Sex zone protests

Holbeck residents want rethink on approach

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Residents living near the UK’s first managed red light zone have vowed to continue protests against the initiative following reports of antisocial behaviour.

Leeds’s Holbeck district became the country’s first legal red light area in 2014 when it was introduced as a pilot scheme to tackle
an existing problem. Since the year 2000 nine sex workers had been murdered in Leeds and Bradford and two were victims of attempted murder.

The “managed approach” was introduced to create a safe space for sex workers to operate within a designated zone, away from residential streets, between the hours of 7pm and 7am without fear of prosecution for soliciting or selling sex.

A dedicated police sex work liaison officer was brought in as well as an increased police presence, outreach workers and health officials.

With street sex workers free to work and speak to police without fear of prosecution, there has been a 50 per cent increase in the crimes being reported, according to figures published last year by the charity Ugly Mugs.

“A dangerous place”

But while sex workers report they have felt safer since the managed approach was introduced, locals in the area say some of the women are soliciting sex in residential areas at all hours of the day.

Laura Walton, a local shop owner in Holbeck, is campaigning for the council to rethink its strategy. She said: “The area has changed so much. It’s a dangerous place now. It’s affecting schools, businesses, locals. We have lost customers because of the things that have happened outside our shop.

“We are just around the corner from the local primary school and often in the morning there are women half dressed, drinking and touting for business while children are on their way to school.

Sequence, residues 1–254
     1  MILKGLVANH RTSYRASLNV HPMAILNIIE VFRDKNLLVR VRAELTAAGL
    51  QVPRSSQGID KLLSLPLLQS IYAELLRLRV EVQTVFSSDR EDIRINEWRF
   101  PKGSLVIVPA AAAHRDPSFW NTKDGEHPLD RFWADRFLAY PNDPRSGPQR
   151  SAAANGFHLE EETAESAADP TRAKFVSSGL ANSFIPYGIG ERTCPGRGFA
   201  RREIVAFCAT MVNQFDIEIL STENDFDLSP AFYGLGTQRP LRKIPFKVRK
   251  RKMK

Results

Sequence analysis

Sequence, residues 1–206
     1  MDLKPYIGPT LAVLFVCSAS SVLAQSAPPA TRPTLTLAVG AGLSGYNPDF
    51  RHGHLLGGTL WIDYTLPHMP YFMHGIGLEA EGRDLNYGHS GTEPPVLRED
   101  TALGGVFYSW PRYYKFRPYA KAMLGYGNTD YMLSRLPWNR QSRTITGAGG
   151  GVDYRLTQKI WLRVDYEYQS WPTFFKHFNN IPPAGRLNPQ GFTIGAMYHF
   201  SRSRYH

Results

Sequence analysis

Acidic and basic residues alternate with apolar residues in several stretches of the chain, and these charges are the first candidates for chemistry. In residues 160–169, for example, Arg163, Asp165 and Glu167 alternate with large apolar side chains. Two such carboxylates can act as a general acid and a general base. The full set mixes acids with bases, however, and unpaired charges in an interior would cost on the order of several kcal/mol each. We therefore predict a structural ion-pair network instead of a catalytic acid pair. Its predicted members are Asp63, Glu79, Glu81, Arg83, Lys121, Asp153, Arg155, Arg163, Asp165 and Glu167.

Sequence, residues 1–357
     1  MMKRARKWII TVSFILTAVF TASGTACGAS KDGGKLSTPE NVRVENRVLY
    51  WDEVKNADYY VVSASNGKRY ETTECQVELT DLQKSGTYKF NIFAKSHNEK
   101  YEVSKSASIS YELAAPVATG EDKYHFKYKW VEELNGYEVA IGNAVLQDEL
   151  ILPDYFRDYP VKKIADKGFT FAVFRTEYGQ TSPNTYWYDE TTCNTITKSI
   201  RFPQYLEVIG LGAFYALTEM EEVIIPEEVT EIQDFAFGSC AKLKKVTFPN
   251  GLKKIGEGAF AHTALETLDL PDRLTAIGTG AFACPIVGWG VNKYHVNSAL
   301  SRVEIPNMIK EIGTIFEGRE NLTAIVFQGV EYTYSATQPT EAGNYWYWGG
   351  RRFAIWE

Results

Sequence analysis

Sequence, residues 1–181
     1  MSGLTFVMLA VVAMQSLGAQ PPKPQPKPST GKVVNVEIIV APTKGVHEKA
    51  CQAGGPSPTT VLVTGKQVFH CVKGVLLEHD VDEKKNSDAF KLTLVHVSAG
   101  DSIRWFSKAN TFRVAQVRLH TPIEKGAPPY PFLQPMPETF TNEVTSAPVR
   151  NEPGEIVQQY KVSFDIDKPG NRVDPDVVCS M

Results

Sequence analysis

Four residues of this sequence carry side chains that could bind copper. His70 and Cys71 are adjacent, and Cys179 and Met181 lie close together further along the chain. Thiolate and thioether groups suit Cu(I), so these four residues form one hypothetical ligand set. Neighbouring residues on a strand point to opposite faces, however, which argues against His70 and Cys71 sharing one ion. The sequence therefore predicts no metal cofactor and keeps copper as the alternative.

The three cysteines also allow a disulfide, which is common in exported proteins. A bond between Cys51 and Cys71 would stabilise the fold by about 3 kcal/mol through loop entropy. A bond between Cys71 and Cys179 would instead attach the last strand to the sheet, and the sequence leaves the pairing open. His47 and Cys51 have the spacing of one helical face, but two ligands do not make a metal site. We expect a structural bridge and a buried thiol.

“Safer in the managed area”

“At one of the schools the caretaker has to go around in the morning and clear the outside area of syringes and used condoms.

“I understand the basis that the council started it on, to make it a safer place for women, and as a woman myself I do think that obviously trying to help these women is a really important thing, but I think they have forgotten about the welfare of the residents.”

Local charity Basis provides support for sex workers in the area. The charity’s Amber Wilson said that although the managed approach is “not perfect”, the area is safer than it was.

She said: “The aim of the managed approach was to take the women outside of
the residential area and to make them safer. We have been more successful in one than the other but we would also say it did reduce the impact on the residential
area because the complaints, as we understand it, went down in the first few years, it’s only in the last year that the complaints have come to the fore.

“Before the managed area, only 7 per cent of the crimes that were reported went to the police, but now it’s over 50 per cent, so that for us is an indication that it really has made a difference. We did a survey recently with some of our women and over three quarters said they did feel safer in the managed area.”

“Further steps will be taken”

Safer Leeds is the city’s community safety partnership responsible for tackling crime and disorder. A spokesperson from the collective, whose responsible authorities include Leeds City Council and West Yorkshire Police, said: “The managed approach was introduced because of feedback from local residents and other representatives of Holbeck who were extremely concerned about on-street sex work over many years in this community. Prostitution is in itself a complex social issue often associated with vulnerability, exploitation, inequality, substance misuse, and health related factors. The approach was introduced therefore to find a long-term solution to the complexities of street-based sex work in this particular community, which despite many previous initiatives, has remained a prominent issue for a significant number of years.

“Residents, businesses and all interested parties can be fully assured that the managed approach is under continuous review as we seek an evidence base to ensure it is meeting our aims as far as is possible. If this is not the case, further steps will be taken and further options considered.”

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